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  • 9 Questions To Evaluate Before Purchasing A Business

    Apr 15, 2021

    IBA, as the premier business brokerage firm in the Pacific Northwest, is firmly established as a respected professional service firm in the legal, accounting, banking, mergers & acquisitions, real estate, and financial planning communities.  Periodically, we will post guest blogs from professionals with knowledge to share for the good of owners of privately held companies & family owned businesses.  The following blog has been provided by Howie Bick, founder of The Analyst Handbook ( https://theanalysthandbook.com/):

    9 Questions To Evaluate Before Purchasing A Business

    When it comes to buying a business, there are a variety of factors that are important to consider and evaluate before purchasing. Dealing with the way a business operates, the type of system or structure it’s created, and the relationships it’s built, is a task that comes with a variety of aspects. Seeing how a business creates value, the type of competitive advantage it might have, or the brand it’s built, are important to consider before purchase. The more due diligence you do up front with a purchase like a business, the better suited and prepared you are for the post-purchase time.

    The tricky aspect to buying a business is you’re trying to find ways to successfully drive another person’s car, or a car that someone else has created for you. That means understanding how to drive it, where each feature is located, and what each button does. While buying a business can be done on a variety of scales, it’s important to put in the time, work, and energy beforehand to get a full understanding of a full business’s picture, and to understand the different avenues or pathways available when purchasing a business.

    Where Is The Value? Or Where Does The Business Create Value?

    With each business, comes a particular value creation or value proposition offer. It can be in the way it manufactures it’s goods, the products or services it’s created, or the brand it’s built. The value a company possesses is ultimately in its unique selling proposition, or it’s competitive advantage. It’s how the business was able to separate itself from the competition, provide value to its customers, or find ways to do what other businesses struggled with or couldn’t. Most of the time, it involves digging underneath the hood, analyzing the market or space they operate in, what competitors are doing, and what customers or clients are looking for.

    In certain companies, the real value might be in the network it’s created, or the clientele it’s built up. All of it depends on the business in question, and what the purchaser is looking for. Some purchasers may simply be interested in a business’s clientele, it’s data, it’s products or services, or even the financials of a business. The value proposition a company possess going forward, depends on what the purchaser is looking for, it’s plan for the business, and how it plans to maximize it’s return on investment. Whether the business is in accounting vs finance, marketing vs real estate, or manufacturing vs wholesaling, each business will most likely create value in different ways, and offer prospective purchasers value in the way they choose to run the business.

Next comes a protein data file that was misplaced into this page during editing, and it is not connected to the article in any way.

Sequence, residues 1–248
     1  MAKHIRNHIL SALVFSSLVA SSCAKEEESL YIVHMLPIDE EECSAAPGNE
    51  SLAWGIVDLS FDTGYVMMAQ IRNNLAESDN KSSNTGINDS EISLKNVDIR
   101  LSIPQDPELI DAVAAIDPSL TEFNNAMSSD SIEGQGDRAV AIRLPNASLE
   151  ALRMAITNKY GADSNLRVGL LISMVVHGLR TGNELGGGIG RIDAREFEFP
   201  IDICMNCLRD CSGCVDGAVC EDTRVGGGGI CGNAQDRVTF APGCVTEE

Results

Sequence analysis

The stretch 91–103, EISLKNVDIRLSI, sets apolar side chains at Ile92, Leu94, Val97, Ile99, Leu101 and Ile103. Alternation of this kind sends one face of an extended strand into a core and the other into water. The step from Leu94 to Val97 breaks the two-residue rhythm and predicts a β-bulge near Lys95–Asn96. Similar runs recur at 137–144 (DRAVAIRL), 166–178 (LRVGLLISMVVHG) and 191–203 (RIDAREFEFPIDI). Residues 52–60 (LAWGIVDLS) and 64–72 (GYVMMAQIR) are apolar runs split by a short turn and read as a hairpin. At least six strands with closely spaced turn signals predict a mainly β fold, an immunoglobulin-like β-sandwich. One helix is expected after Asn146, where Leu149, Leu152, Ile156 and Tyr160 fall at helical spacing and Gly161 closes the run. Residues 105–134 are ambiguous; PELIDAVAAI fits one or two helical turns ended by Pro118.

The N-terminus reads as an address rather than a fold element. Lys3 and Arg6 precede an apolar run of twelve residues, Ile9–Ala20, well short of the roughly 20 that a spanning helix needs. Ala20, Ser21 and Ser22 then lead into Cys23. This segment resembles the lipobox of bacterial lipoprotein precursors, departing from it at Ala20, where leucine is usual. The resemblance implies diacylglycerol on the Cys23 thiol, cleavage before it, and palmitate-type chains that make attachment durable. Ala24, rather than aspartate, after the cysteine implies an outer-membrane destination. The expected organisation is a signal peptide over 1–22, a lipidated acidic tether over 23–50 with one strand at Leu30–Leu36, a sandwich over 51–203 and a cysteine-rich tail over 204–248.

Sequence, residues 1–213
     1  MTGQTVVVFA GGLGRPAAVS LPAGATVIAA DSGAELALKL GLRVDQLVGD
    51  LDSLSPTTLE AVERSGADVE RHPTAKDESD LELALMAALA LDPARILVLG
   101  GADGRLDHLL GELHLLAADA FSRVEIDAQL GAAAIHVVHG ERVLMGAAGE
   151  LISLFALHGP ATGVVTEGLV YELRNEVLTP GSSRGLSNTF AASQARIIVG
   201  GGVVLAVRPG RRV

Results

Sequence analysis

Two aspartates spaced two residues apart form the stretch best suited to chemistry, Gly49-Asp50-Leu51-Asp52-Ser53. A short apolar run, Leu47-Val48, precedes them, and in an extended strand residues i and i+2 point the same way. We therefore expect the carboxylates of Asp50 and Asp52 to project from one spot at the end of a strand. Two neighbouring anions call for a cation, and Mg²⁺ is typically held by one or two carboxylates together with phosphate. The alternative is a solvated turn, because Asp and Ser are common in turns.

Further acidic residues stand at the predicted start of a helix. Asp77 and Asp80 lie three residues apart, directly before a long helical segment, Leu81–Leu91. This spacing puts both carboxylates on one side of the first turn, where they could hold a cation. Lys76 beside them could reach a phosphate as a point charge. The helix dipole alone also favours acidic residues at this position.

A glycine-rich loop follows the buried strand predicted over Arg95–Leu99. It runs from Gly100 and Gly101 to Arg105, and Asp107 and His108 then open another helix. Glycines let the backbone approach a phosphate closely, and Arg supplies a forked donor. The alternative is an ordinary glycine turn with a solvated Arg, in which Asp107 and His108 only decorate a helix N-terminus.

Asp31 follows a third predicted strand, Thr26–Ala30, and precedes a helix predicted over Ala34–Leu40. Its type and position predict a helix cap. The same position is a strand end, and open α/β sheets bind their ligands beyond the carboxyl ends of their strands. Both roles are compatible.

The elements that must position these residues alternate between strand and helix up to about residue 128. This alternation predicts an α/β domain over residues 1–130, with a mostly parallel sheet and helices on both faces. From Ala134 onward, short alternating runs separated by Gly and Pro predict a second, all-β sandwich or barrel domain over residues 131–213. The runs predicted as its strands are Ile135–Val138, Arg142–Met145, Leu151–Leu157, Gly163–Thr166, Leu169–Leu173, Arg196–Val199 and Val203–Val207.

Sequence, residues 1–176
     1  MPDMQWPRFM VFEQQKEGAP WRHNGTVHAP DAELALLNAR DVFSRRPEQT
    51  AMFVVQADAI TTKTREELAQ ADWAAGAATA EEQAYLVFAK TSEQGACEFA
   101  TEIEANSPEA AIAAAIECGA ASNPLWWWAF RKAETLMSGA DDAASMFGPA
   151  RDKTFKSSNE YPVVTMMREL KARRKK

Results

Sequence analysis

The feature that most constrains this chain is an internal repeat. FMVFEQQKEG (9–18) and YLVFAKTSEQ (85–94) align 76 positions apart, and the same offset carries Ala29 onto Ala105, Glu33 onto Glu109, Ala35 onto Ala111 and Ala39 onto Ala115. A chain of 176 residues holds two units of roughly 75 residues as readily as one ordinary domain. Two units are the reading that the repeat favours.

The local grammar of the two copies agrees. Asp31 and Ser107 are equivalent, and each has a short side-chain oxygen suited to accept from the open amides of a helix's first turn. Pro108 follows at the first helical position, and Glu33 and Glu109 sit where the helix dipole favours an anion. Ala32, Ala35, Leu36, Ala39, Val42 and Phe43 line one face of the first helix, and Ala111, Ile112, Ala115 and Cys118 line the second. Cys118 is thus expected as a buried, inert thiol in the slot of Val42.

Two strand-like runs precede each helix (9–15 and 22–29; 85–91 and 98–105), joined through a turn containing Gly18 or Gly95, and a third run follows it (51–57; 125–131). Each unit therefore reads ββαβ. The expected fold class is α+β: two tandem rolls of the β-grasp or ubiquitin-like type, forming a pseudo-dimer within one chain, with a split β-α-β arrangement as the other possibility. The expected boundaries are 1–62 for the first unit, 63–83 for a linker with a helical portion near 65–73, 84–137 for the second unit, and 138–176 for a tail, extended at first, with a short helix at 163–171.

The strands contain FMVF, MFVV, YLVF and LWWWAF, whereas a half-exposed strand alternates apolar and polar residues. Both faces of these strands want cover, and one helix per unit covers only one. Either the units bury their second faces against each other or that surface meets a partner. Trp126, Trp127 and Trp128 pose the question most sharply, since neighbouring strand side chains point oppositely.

To Buy A Business or Create One From Scratch?

    When it comes to buying a business, there is always the option of building a new one from scratch. Each option offers a variety of positives and negatives, but it’s an important question to ask for a variety of reasons. First, it shows you the type of cost or price associated with an investment, and whether it might be a good investment. Second, to understand the type of costs associated with new entrants, or new competition. Companies with low cost to entry barriers, will often have lots of competitors, and lots of new entrants to the space over time.

    Certain businesses have costs to enter such as manufacturing equipment, business licences, or access to suppliers or distributors. Those barriers are often what deter other parties from entering the space, or make it more difficult to do so, increasing the value of underlying businesses within the market. Buying an existing business often means expediting the process, the time, and the work to enter into a space. You’re utilizing on another’s person’s or team’s work as a starting point. That means taking what they’ve done, and trying to find ways to grow or expand it, rather than building it from scratch. With building a company from scratch often means building it slowly, going through growing pains, and building relationships with customers.

    The answer to these questions depends on the party buying it. Do you have an abundance of capital and see a window of opportunity to capitalize? Or do you have limited capital, and are willing to be patient, and work through the difficulties of starting a business from scratch?

    What Is The Direction of The Business or Market?

    With each business, comes the future success and direction the business is headed in. Whether it’s the market factors at play, different advances in technology, or the gradual shift away from a particular business, analyzing the trajectory a business is headed in is important when considering a potential purchase. It has the potential to show you how well a company is positioned for future earnings potential, and whether it stands to grow or decline in size.